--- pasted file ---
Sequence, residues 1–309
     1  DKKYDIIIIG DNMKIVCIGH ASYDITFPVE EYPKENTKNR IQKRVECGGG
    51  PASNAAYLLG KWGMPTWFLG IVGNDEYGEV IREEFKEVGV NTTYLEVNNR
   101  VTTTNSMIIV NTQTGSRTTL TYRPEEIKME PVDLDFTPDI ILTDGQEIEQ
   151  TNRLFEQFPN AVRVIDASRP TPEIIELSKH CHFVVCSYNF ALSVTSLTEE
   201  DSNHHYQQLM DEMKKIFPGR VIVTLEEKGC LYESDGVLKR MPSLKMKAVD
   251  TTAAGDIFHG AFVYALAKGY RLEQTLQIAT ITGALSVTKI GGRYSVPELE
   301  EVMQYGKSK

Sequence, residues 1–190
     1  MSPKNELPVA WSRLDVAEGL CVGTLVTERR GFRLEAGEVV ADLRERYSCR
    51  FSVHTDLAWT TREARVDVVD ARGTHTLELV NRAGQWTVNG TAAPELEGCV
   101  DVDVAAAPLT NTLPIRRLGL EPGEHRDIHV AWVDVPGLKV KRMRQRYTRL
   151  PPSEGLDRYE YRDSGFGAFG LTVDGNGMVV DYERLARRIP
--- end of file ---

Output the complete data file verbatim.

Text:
Sequence, residues 1–309
     1  DKKYDIIIIG DNMKIVCIGH ASYDITFPVE EYPKENTKNR IQKRVECGGG
    51  PASNAAYLLG KWGMPTWFLG IVGNDEYGEV IREEFKEVGV NTTYLEVNNR
   101  VTTTNSMIIV NTQTGSRTTL TYRPEEIKME PVDLDFTPDI ILTDGQEIEQ
   151  TNRLFEQFPN AVRVIDASRP TPEIIELSKH CHFVVCSYNF ALSVTSLTEE
   201  DSNHHYQQLM DEMKKIFPGR VIVTLEEKGC LYESDGVLKR MPSLKMKAVD
   251  TTAAGDIFHG AFVYALAKGY RLEQTLQIAT ITGALSVTKI GGRYSVPELE
   301  EVMQYGKSK

Sequence, residues 1–190
     1  MSPKNELPVA WSRLDVAEGL CVGTLVTERR GFRLEAGEVV ADLRERYSCR
    51  FSVHTDLAWT TREARVDVVD ARGTHTLELV NRAGQWTVNG TAAPELEGCV
   101  DVDVAAAPLT NTLPIRRLGL EPGEHRDIHV AWVDVPGLKV KRMRQRYTRL
   151  PPSEGLDRYE YRDSGFGAFG LTVDGNGMVV DYERLARRIP